Puerto Rico goes dark after Hurricane Maria cuts off all power

Hurricane Maria rampaged across Puerto Rico on Wednesday as the strongest storm to hit the US territory in nearly 90 years.
Inhabitants of Puerto Nuevo neighbourhood stand next to roof blown off during the passage of Hurricane Maria, in San Juan, Puerto Rico, on Sept 20, 2017.
Inhabitants of Puerto Nuevo neighbourhood stand next to roof blown off during the passage of Hurricane Maria, in San Juan, Puerto Rico, on Sept 20, 2017. PHOTO: AFP
Damaged houses and fallen trees in Guayama, Puerto Rico on Sept 20, 2017.
Damaged houses and fallen trees in Guayama, Puerto Rico on Sept 20, 2017. PHOTO: REUTERS
A damaged banana plantation in Guayama, Puerto Rico on Sept 20, 2017.
A damaged banana plantation in Guayama, Puerto Rico on Sept 20, 2017. PHOTO: REUTERS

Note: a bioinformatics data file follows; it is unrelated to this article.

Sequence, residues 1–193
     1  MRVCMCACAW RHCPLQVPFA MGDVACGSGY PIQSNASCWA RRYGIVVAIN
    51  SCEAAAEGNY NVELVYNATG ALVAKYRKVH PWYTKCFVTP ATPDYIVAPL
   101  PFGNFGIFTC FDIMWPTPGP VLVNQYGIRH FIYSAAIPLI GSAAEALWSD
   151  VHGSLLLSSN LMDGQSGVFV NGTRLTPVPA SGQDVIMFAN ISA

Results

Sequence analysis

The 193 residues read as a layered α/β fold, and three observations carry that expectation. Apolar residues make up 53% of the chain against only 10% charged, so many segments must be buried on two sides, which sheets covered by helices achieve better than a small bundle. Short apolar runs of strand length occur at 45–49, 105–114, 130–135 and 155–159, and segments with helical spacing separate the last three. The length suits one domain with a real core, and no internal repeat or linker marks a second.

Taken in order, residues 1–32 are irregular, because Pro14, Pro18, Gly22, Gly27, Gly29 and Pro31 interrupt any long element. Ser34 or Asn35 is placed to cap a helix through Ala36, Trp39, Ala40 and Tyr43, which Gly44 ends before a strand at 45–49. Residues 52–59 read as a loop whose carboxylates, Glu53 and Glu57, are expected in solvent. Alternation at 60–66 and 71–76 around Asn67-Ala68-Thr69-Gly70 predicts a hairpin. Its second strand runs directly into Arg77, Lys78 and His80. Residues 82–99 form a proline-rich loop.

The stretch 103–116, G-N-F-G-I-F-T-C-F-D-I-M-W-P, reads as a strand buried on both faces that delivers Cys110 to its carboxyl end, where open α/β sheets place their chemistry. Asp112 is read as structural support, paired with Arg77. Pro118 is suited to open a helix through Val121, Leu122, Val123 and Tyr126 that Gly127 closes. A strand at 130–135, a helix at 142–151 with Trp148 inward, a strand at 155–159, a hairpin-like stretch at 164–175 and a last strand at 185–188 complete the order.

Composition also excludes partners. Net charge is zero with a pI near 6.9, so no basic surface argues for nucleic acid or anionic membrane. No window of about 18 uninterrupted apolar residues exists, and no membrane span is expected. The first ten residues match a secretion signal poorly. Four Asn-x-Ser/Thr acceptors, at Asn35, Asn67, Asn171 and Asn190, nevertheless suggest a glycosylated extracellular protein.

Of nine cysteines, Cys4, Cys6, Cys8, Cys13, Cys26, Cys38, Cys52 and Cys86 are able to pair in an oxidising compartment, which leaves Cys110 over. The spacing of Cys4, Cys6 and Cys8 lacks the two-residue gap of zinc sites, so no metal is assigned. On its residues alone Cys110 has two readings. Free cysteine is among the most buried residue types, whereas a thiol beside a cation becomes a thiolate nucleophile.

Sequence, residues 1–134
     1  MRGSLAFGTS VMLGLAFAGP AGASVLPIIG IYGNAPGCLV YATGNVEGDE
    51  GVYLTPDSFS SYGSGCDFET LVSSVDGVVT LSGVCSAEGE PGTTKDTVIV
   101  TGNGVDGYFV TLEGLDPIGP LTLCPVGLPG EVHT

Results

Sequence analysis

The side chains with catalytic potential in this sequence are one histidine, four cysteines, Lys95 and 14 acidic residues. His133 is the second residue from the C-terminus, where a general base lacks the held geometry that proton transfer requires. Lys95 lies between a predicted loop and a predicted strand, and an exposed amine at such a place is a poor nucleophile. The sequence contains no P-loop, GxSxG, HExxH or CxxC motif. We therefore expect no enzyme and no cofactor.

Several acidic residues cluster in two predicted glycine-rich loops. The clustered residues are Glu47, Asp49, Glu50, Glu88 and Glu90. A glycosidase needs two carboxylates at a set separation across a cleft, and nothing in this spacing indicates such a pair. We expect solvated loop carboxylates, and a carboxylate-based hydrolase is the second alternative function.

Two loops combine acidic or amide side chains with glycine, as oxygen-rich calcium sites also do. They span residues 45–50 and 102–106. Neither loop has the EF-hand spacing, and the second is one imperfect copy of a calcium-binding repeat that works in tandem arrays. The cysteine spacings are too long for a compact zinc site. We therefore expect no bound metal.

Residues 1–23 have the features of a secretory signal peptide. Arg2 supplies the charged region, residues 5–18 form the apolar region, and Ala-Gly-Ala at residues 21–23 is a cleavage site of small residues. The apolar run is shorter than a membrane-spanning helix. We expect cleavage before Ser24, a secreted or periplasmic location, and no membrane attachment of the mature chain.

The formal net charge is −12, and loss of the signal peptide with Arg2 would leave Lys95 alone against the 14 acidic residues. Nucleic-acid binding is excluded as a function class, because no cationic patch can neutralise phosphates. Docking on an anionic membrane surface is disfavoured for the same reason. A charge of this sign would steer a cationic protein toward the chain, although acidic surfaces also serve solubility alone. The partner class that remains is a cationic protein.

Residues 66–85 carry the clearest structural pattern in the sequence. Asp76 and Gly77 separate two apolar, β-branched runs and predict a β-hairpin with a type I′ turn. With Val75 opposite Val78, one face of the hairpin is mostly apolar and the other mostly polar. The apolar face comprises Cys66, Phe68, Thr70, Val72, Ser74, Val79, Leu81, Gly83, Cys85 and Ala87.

A house sits surrounded by palm trees as Hurricane Maria approaches the island in Loiza, Puerto Rico on Sept 18, 2017.
A house sits surrounded by palm trees as Hurricane Maria approaches the island in Loiza, Puerto Rico on Sept 18, 2017. PHOTO: AFP

SAN JUAN, Puerto Rico (NYTimes) - Hurricane Maria, the most powerful storm to make a direct hit on Puerto Rico in almost a century, ravaged the island on Wednesday (Sept 20), knocking out all electricity, deluging towns with flash floods and mudslides, and compounding the pain of residents here.

Less than two weeks ago, Hurricane Irma dealt the island a glancing blow, killing at least three people and leaving nearly 70 per cent of households without power.

Hurricane Maria, which made landfall at 6am, took out the island's entire power grid, and only added to the woes of a commonwealth that has been groaning under the weight of an extended debt and bankruptcy crisis.

Beyond the immediate damage from strong winds, continuous rain flooded coastal communities as well as neighbourhoods in the central, mountainous areas of the island, which is full of rivers and streams.

Residents woke on Wednesday to the clamour of strengthening wind gusts, with the memory of Hurricane Irma still fresh. By afternoon, the whole island had lost electricity.